Time to change the way Congress writes bills
The recent passing of the $1.9-trillion relief package by House Democrats exposes once again the corrupt method used routinely to ensure passage of legislation that is weak or politically biased. I'm referring specifically to the practice of loading up a bill with additional appropriations that have little or nothing to do with the stated purpose of the bill, lovingly known as "pork." This helps to explain why a bill like this grows to 591 pages.
It is estimated that only 9% of the funds are destined for actual COVID relief. It was apparently more important to Democrats to lard up the bill with more of their wish-list items. How about $350 billion to bail out mismanaged states, $12 billion for foreign aid, $135 million for the Endowment for the Arts? And how could they let any spending bill get by without something for Big Tech in California, specifically a Silicon Valley underground tunnel for $112 million?
One of the more egregious items was for Howard University, which will receive $35 million to cover losses due to the pandemic, the only university to be reimbursed for that reason. I'm sure it's just a coincidence that V.P. Harris is a graduate of Howard.
The unions certainly won't be left out. Funding for union pension plans will be to the tune of $86 billion. This money will go to about 10% of the 1,400 unions that have pension plans that are failing and projected to be unable to pay benefits to its members within 20 years. The taxpayers are once again forced to cover for gross mismanagement of pensions such as this.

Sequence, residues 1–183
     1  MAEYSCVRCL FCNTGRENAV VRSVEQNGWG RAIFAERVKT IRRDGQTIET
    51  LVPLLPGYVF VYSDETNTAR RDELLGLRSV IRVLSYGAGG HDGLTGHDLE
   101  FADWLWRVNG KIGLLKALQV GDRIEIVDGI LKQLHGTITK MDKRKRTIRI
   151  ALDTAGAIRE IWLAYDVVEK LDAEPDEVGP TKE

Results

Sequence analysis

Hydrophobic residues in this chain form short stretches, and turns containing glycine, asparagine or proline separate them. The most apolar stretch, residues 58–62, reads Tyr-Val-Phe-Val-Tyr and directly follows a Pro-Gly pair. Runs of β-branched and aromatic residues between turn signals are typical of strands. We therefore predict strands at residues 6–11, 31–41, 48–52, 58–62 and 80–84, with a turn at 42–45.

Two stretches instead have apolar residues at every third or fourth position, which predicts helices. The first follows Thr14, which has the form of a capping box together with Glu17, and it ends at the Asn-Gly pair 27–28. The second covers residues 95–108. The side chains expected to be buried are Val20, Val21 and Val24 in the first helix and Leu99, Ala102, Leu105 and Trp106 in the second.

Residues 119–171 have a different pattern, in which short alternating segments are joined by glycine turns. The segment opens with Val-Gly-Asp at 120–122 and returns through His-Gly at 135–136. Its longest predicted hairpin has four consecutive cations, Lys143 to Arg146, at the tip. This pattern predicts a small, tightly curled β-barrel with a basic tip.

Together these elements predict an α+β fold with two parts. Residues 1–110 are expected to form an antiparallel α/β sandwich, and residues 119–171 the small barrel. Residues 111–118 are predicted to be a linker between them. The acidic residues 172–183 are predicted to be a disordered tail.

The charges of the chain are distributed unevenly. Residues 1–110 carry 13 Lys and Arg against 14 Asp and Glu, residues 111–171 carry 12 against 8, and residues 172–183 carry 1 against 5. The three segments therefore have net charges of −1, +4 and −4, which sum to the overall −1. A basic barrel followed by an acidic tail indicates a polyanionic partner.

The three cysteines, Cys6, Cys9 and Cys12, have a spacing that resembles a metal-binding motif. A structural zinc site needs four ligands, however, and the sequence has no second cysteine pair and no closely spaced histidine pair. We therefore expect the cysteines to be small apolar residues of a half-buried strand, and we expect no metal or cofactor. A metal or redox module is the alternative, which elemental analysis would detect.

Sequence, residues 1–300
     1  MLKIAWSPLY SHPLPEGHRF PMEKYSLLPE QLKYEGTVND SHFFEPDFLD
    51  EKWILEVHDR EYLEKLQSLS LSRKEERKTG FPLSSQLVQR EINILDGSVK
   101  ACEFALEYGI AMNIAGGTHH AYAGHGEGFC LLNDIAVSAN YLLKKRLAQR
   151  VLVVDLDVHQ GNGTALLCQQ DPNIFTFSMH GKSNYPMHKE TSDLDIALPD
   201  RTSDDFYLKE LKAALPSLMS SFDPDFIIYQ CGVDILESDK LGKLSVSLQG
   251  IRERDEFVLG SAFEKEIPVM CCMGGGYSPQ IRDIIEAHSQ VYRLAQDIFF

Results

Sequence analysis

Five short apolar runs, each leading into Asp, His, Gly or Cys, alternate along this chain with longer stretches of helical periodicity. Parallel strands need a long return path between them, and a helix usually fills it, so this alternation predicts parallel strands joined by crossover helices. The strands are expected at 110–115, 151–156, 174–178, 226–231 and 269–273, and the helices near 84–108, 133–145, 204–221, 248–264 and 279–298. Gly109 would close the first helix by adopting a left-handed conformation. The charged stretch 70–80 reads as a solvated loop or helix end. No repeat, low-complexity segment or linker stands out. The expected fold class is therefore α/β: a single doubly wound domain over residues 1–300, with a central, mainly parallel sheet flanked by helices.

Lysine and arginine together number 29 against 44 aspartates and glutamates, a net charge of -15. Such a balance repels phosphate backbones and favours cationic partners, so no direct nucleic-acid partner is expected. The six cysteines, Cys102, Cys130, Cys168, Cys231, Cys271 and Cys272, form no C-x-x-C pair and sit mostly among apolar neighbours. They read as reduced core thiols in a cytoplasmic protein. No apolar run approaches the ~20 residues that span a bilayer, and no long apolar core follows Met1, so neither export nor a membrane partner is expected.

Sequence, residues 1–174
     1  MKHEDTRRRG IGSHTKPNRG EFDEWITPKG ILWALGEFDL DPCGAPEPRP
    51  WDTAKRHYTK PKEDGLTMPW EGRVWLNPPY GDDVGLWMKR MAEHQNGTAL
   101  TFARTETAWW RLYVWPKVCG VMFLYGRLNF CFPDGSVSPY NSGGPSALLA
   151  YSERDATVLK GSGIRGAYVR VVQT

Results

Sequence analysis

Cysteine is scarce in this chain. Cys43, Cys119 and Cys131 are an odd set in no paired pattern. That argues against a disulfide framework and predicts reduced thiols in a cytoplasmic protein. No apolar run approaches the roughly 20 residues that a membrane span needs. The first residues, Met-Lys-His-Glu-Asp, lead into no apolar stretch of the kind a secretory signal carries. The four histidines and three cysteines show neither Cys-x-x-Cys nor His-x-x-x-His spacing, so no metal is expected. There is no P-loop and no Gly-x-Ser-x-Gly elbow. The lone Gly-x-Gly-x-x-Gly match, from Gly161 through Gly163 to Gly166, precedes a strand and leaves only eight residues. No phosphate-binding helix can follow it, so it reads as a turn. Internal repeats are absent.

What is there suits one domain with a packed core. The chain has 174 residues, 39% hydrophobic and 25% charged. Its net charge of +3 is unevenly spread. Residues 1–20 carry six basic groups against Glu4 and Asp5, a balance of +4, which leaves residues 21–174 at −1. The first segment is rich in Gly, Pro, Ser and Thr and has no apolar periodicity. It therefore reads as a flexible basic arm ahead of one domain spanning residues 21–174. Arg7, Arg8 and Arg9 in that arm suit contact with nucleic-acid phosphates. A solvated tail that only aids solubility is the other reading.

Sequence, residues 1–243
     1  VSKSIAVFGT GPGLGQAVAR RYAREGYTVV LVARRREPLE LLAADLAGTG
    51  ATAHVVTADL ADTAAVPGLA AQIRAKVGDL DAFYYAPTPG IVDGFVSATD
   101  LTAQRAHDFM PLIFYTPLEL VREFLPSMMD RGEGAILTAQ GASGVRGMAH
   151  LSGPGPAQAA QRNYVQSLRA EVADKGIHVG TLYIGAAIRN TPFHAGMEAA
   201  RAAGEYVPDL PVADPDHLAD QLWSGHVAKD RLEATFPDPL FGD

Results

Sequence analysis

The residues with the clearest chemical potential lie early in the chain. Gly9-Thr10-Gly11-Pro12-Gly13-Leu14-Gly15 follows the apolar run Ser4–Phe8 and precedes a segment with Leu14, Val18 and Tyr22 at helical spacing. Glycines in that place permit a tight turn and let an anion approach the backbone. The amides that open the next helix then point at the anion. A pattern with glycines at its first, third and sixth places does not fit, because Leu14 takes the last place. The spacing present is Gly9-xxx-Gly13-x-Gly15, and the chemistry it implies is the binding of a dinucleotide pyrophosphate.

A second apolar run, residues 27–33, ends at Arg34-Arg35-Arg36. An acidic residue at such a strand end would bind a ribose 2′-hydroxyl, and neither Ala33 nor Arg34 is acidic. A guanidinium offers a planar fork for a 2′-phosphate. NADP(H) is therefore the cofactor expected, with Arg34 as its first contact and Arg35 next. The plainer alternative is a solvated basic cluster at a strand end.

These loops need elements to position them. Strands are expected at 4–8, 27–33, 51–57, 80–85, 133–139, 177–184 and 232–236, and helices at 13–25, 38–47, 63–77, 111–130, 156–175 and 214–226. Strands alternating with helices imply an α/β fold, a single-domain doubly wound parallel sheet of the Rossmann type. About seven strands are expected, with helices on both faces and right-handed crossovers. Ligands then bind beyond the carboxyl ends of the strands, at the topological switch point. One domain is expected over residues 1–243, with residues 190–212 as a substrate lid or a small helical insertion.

Another coincidence is the gifting of $1.5 billion to Amtrak, even though it hasn't spent the $1 billion it received in the last relief package. That's the rail company that operates a high-speed commuter train serving the Acela Corridor, running from Washington, D.C. to Boston, with 16 stops in between. It probably helped that many northeast politicians use this service.
This process has been in place for decades and doesn't appear to be a major concern to Congress in general. Indeed, the party in power does most of the fattening up, and a lot of the items come out of the various congressional committees.
Recall the dirty dealings with the Affordable Care Act back in 2010. The Senate votes to pass were stuck at 59 until the famous Cornhusker Kickback was born. Nebraska was promised an additional $100 million for Medicaid if Senator Ben Nelson would provide the required 60th vote. Louisiana senator Mary Landrieu was treated to an extra $300 million for Medicaid for her vote. There was so much outrage over the Nebraska deal that the Senate eventually deleted it. This was the bill that Nancy Pelosi informed us had to be passed so they could see what was in it. Obviously, reading the bill was much harder than fattening it up to make it palatable to enough members for passage.
It boggles the mind that our representatives think we the people are okay with this method for making laws. The approval rating for Congress stood at 15% in December 2020. Somehow it has increased to 35% by February 2021. They shouldn't, however, be rejoicing over 35%.
It is way past time that a few brave representatives introduce legislation to address this ridiculous practice. After all, they might even help themselves by improving the public's perception of Congress and get that rating to even higher than 35%. It might even guarantee re-election, which seems to be the driving force behind everything our representatives do. However, I'm as optimistic about that as I am about term limits being enacted.